Of course, unpopular wars have driven some presidents from office, like Lyndon B. Johnson, who chose not to run for re-election in 1968 because of his vulnerabilities over Vietnam. Harry S. Truman was so unpopular in 1952 because of the stalemate in Korea that he might not have won his party's nomination.
It is no surprise that the biggest fear of the current White House, short of another terrorist attack, is that Iraq will implode before the election. Barring that, political analysts say Mr. Bush is wise to wield his most powerful advantage against the opposition. In a New York Times/CBS News poll conducted just before the State of the Union, 68 percent, including majorities of both Democrats and independents, gave Mr. Bush high marks for the campaign against terrorism.
So it is in Mr. Bush's interest to talk about the threat, just as it is in his interest to warn, as he did on Tuesday, that terrorists are still plotting against America. "Just think about the political calculation," said Walter Russell Mead of the Council on Foreign Relations. "You don't want to say, 'thanks to me, you're safe now,' and then tomorrow there's no Cleveland, Ohio."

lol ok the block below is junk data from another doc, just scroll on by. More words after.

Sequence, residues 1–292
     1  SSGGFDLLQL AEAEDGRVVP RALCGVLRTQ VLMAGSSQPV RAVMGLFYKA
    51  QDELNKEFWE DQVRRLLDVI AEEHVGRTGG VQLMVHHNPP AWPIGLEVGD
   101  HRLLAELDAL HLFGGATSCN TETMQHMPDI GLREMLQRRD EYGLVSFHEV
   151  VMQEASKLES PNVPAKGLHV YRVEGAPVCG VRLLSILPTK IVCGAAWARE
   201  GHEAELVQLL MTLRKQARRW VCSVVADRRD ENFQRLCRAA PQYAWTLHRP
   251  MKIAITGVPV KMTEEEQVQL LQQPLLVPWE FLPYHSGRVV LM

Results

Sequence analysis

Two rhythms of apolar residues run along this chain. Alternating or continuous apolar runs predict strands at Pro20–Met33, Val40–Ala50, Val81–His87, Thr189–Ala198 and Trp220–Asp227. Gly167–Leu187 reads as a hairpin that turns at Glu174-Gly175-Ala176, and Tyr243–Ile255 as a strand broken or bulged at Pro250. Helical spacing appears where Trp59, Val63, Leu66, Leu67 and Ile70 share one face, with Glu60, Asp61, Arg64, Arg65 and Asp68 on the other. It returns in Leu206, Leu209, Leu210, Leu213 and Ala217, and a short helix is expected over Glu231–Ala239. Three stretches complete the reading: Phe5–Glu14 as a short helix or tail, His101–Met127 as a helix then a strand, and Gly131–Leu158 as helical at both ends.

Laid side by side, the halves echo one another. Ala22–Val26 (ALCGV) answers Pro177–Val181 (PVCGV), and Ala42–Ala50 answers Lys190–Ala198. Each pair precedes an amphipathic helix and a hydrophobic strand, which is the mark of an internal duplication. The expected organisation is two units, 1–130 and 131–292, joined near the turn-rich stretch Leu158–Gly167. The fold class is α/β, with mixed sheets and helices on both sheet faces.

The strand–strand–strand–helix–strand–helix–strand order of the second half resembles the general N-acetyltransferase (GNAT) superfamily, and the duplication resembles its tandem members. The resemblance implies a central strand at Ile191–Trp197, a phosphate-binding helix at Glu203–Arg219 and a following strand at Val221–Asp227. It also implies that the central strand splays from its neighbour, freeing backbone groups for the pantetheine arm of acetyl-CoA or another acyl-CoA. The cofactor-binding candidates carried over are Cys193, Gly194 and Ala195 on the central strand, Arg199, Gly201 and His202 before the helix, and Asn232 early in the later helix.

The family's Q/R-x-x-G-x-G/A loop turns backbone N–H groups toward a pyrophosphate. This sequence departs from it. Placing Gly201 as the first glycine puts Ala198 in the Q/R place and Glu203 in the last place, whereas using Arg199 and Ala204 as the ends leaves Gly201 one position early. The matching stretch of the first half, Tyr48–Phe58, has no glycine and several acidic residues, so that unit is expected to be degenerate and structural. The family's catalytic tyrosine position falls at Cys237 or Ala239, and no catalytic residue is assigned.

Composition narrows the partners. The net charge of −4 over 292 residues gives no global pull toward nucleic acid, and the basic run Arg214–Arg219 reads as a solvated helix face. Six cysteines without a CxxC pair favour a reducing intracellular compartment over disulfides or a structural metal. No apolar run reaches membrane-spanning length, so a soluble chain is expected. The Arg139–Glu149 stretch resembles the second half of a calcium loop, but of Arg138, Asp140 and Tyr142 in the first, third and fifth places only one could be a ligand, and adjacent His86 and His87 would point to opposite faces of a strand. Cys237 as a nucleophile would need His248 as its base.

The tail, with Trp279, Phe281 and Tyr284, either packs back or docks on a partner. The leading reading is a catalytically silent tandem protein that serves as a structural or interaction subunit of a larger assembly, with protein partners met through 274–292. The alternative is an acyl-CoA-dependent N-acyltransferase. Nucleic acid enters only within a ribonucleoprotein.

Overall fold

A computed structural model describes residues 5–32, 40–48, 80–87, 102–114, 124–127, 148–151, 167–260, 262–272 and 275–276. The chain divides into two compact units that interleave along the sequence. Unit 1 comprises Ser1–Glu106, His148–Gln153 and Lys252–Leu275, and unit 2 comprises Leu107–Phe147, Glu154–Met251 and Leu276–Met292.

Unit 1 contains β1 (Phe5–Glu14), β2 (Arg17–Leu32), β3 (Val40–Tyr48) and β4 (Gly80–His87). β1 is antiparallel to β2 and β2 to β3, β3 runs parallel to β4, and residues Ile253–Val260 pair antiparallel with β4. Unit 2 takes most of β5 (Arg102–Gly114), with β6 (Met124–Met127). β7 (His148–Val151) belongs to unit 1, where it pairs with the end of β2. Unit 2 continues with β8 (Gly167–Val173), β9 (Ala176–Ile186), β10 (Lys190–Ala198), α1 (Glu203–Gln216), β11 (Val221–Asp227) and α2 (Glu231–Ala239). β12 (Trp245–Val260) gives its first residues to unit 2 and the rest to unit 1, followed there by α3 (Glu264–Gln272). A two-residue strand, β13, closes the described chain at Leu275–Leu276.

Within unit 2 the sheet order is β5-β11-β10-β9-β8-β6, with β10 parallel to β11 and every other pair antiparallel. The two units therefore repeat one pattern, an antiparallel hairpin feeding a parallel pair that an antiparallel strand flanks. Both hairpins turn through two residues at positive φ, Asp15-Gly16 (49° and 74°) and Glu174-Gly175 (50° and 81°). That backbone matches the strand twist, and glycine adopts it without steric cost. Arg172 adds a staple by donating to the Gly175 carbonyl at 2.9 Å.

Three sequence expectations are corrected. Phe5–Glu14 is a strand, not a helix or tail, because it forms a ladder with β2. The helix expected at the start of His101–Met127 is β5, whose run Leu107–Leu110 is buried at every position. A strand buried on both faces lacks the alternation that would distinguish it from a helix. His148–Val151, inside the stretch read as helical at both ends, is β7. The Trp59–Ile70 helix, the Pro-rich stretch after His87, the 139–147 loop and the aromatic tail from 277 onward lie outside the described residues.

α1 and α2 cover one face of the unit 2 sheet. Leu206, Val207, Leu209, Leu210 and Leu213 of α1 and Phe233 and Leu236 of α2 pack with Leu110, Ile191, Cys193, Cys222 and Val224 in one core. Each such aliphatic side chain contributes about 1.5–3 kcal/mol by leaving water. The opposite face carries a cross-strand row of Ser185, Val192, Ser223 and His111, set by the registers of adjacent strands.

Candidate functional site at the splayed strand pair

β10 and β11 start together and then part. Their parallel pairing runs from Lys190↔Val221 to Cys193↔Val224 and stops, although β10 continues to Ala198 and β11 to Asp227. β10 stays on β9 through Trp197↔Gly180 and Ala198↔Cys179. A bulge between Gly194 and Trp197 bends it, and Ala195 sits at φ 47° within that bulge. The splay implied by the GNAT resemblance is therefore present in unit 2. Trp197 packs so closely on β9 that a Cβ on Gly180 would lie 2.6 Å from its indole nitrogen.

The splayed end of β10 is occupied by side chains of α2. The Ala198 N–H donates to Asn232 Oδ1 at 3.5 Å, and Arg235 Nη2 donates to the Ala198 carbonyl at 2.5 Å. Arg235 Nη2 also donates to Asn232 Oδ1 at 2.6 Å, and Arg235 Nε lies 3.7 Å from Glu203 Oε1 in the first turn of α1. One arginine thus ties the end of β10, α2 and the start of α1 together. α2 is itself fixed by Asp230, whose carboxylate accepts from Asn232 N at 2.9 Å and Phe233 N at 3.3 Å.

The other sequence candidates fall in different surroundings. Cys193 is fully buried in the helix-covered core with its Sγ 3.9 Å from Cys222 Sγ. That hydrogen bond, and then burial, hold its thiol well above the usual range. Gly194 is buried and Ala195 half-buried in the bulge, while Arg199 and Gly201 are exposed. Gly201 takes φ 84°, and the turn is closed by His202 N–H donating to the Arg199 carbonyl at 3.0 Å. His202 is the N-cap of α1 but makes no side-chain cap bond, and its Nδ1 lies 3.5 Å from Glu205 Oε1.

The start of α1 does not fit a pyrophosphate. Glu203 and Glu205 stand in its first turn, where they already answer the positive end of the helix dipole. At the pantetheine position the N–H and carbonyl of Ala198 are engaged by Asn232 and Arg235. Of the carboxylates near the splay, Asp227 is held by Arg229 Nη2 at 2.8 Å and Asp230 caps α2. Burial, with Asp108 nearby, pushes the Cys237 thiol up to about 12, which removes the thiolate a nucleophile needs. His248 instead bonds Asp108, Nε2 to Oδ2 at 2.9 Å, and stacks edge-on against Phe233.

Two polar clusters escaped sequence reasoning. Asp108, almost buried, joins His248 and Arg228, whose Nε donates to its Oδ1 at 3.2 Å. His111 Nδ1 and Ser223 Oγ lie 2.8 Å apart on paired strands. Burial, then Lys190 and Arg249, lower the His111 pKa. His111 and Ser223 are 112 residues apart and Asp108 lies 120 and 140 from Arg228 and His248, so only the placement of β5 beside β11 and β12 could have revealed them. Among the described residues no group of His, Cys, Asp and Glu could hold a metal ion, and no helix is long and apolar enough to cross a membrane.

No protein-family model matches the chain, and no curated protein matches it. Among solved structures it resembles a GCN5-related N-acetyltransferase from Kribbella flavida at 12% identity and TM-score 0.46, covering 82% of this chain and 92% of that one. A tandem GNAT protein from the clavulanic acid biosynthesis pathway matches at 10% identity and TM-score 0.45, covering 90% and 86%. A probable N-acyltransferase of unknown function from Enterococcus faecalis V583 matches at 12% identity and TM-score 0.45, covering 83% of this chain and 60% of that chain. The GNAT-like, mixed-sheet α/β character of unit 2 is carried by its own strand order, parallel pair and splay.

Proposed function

People close to Mr. Bush reject the notion of a "political calculation," as Mr. Mead put it, and say the president is in fact haunted by the specter of Sept. 11 and the fears of a replay on his watch. Mr. Bush still begins each day with the daily "threat assessment," a compilation of what intelligence and law enforcement agencies pick up about potential terrorist activity. Aides say that it is a disturbing look at the nation's vulnerabilities, and that it has had a powerful effect on the president's psyche.